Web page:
In the last tax HMRC’s yield from investigations into residence and domicile issues went up 27% from the previous year to £154 million, according to a report by Adam Palin in the Financial Times last week.
Many of these tax enquiries are looking at the affairs of so-called “inbounds”, that is people who have recently arrived in the UK, often on short-term or dual contracts whilst working for large multinationals, frequently in the financial services sector. The taxman attributed the extra yield (i.e. of tax, interest and penalties) to “effective investigation of residence, and domicile status of the individuals seconded to the UK.”
Despite new guidelines from the tax authority in its booklet HMRC6, a complete overhaul of the rules relating to domicile from 2008 onwards, and the introduction of the Statutory Residence Test for the tax year 2014/15 onwards, the issues relating to non-doms and the issues surrounding UK tax residence and non-residence remain complex and confusing: to the extent that not only the typical layman, but even the majority of accountants and tax advisers who do not do not specialise in this area, frequently find them quite baffling. It is not surprising therefore that many mistakes are made, and that the tax investigators find this a lucrative hunting ground.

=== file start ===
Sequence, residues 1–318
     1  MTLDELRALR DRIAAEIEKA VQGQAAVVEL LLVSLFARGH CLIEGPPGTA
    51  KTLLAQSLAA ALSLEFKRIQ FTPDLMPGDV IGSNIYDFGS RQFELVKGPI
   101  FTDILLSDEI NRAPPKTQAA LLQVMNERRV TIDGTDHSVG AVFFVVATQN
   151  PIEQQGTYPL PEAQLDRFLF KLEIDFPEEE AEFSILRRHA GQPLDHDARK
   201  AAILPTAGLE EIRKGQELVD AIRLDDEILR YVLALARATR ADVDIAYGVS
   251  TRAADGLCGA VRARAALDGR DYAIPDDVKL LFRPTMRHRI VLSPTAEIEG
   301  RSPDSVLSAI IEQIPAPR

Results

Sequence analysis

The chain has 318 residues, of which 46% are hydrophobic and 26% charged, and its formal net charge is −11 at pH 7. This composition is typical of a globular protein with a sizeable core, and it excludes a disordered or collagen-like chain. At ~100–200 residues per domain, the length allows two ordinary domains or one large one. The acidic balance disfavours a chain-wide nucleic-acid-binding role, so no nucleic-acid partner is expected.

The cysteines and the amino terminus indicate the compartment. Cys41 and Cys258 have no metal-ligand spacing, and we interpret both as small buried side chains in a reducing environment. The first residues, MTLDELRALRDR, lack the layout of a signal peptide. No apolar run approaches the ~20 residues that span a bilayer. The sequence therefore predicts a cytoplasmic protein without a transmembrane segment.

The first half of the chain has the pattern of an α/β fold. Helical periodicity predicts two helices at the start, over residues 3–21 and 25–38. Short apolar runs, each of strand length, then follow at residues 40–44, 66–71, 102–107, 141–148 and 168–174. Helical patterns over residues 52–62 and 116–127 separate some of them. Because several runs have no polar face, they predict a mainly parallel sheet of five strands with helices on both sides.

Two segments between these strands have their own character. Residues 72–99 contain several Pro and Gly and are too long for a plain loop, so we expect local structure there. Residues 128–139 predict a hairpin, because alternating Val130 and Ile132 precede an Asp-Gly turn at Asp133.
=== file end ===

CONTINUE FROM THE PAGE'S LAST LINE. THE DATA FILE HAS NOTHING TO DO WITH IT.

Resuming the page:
Lynam Tax enquiry experts have helped many non-domiciled individuals save large sums by careful analysis of their affairs and the correct application of complex legal principles: which a large number of tax inspectors seem to misunderstand. Also, dealing with a Tax Residence enquiry or a domicile or remittance dispute requires specialist knowledge, deep experience and a proven methodology in getting investigations and disputes resolved.
If you need more information about this complex issue then phone today for a free, confidential, no obligation discussion. Call:
Paul Lynam : 0845 643 9997 or
Andrew Nutbrown : 0771 877 8710